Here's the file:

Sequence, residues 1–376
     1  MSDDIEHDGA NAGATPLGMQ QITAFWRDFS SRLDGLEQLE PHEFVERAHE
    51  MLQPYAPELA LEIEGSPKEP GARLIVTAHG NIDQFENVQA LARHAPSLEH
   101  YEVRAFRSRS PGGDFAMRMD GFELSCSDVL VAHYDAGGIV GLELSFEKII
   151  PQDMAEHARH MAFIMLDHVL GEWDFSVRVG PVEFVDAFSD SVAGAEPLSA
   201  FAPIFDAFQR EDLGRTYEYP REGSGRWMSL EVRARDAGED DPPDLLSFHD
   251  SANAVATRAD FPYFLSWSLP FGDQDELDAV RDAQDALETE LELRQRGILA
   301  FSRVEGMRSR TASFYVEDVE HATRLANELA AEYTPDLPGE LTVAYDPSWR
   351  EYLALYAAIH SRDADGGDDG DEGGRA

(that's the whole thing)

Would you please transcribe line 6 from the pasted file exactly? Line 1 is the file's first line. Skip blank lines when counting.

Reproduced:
   201  FAPIFDAFQR EDLGRTYEYP REGSGRWMSL EVRARDAGED DPPDLLSFHD